When patients with Parkinson's disease experience a drop in blood pressure upon standing up they exhibit significant cognitive deficits, that reverse when they lie down and their blood pressure returns to normal.
In a tudy, a research team led by neurologists at Beth Israel Deaconess Medical Centre (BIDMC) and neuro-psychologists at Boston University has shown that these cognitive impairments may go unnoticed by physicians assessing patients with Parkinson's who are lying down or seated, and could lead to difficulty in daily activities performed while standing and walking, such as tracking conversations, counting change and interpreting traffic signals.
"Cognitive impairment is a common symptom of Parkinson's disease," said co-senior author Dr Roy Freeman, director of the Centre for Autonomic and Peripheral Nerve Disorders at BIDMC and a professor of neurology at Harvard Medical School. "In this study, we demonstrated that the upright posture in patients with Parkinson's disease exacerbated cognitive deficits, and that this effect is transient and reversible. Based on these results, we encourage clinicians to include cognitive testing in a variety of postures in their assessments of patients."
Marked by characteristic tremor, rigidity and slowness of movement, Parkinson's disease (PD) is a progressive degeneration of parts of the nervous system. It affects many aspects of movement and can cause a masklike, expressionless face, rigid limbs, and problems with walking and posture. PD is also associated with cognitive defects attributed to breakdowns in connectivity between regions of the brain. Up to 50% of people with Parkinson's disease may also have orthostatic hypotension.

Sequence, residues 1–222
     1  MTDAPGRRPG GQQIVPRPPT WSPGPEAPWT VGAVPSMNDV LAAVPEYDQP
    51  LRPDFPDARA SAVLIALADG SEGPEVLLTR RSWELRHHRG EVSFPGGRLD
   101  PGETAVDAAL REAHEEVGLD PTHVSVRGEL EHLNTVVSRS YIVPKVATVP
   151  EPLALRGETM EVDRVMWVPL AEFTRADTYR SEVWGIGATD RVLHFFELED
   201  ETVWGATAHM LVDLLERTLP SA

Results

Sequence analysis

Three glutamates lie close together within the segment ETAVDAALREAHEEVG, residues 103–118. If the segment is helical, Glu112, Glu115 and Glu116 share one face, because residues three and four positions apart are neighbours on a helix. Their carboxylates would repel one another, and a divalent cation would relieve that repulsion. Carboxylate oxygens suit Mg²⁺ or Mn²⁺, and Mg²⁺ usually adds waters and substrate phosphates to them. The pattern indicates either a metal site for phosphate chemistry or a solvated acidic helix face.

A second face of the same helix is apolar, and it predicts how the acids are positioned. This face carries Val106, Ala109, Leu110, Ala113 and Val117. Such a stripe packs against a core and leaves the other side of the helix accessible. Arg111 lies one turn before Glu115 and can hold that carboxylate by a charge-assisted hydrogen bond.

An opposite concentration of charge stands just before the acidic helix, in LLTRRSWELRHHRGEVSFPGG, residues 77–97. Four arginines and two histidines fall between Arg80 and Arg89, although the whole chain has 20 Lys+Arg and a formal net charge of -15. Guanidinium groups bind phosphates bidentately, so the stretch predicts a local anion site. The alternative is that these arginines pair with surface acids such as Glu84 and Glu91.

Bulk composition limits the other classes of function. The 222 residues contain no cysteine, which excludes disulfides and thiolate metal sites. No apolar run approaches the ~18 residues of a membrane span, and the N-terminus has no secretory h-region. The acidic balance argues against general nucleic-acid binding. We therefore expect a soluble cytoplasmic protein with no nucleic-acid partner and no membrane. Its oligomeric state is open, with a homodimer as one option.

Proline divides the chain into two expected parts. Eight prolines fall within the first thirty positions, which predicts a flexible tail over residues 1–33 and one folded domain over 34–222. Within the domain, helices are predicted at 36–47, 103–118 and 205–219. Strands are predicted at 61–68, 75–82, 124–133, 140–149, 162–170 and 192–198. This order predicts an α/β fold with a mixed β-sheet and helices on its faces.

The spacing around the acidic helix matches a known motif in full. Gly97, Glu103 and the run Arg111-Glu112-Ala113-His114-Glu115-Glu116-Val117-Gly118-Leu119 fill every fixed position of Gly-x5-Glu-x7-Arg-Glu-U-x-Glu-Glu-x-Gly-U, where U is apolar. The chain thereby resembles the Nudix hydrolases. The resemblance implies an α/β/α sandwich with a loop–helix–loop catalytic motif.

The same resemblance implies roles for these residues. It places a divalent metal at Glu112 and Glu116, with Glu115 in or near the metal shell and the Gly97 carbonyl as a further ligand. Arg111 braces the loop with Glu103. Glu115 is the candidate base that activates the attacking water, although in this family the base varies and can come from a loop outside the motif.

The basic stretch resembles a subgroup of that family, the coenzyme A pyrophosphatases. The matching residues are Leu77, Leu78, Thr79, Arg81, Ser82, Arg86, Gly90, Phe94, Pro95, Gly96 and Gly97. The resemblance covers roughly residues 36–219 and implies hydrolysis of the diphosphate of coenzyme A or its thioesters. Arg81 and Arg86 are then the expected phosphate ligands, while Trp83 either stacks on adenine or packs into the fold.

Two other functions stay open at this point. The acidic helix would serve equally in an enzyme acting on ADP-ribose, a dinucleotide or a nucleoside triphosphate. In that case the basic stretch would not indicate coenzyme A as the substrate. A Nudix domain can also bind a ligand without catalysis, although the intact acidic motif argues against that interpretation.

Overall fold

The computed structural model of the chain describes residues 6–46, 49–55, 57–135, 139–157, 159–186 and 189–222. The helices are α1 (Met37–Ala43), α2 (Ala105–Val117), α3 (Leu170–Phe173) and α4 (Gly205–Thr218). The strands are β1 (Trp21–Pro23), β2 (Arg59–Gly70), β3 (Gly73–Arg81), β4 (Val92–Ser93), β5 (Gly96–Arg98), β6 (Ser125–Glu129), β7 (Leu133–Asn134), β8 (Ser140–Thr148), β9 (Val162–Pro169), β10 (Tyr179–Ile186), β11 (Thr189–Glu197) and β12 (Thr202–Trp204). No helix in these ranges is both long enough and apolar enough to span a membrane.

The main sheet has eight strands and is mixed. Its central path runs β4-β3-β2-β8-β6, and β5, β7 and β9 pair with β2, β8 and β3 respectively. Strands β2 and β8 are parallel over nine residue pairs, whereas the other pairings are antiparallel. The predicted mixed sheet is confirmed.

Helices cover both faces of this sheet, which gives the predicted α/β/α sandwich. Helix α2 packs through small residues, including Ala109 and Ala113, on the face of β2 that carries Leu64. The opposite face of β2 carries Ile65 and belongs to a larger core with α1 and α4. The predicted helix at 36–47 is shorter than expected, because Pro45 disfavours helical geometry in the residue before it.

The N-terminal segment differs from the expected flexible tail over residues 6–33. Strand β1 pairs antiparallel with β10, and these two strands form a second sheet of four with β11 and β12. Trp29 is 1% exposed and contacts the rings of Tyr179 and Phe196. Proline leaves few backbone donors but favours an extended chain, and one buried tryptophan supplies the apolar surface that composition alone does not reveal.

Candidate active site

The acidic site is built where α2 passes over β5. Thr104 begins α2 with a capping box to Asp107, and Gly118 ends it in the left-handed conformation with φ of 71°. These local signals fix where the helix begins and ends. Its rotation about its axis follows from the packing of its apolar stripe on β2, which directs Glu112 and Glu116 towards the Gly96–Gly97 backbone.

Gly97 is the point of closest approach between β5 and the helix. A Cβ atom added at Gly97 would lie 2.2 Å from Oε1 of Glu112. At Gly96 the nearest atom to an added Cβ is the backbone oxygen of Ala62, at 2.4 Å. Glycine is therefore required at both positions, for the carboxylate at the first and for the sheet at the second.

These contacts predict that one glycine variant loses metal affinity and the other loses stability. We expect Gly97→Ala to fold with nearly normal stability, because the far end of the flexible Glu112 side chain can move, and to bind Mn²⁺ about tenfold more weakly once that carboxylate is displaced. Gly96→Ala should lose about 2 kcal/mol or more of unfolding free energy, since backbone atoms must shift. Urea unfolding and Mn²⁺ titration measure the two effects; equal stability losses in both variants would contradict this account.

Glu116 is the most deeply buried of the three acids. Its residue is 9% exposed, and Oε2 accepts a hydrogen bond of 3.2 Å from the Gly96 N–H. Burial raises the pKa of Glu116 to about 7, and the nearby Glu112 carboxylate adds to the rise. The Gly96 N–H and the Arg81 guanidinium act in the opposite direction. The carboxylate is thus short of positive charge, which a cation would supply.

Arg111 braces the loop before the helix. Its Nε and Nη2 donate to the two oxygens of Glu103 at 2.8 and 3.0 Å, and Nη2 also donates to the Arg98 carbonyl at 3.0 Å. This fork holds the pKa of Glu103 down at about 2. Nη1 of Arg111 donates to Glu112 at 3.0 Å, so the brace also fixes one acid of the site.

In a previous study, Freeman and colleagues demonstrated that orthostatic hypotension is linked to reversible cognitive impairment in patients with a rare neurological disorder called autoimmune autonomic ganglionopathy. In this new study of the far more prevalent Parkinson's disease, the researchers investigated whether OH is linked to reversible cognitive deficits in patients with PD as well.
Freeman and colleagues including lead author Justin Centi and co-senior author Dr Alice Cronin-Golomb, director of the Vision and Cognition Laboratory and Centre for Clinical Biopsychology and a professor of psychological and brain sciences at Boston University, divided 55 volunteers into three study groups: 18 patients with both PD and OH, 19 patients with PD but without OH, and 18 control participants with neither PD nor OH. All participants were given a series of cognitive tests, with the tests administered while supine and again while tilted to 60 degrees. Researchers measured and recorded the participants' blood pressure before and during each round of cognitive testing to ensure that participants were never at risk for fainting.
"As we suspected, people with both Parkinson's disease and orthostatic hypotension showed posture-related impairments when upright relative to supine on nearly all measures of cognition," said Centi, who noted that study participants with Parkinson's disease without orthostatic hypotension demonstrated deficits on only two cognitive tests. There was no difference between upright and supine scores for the control group.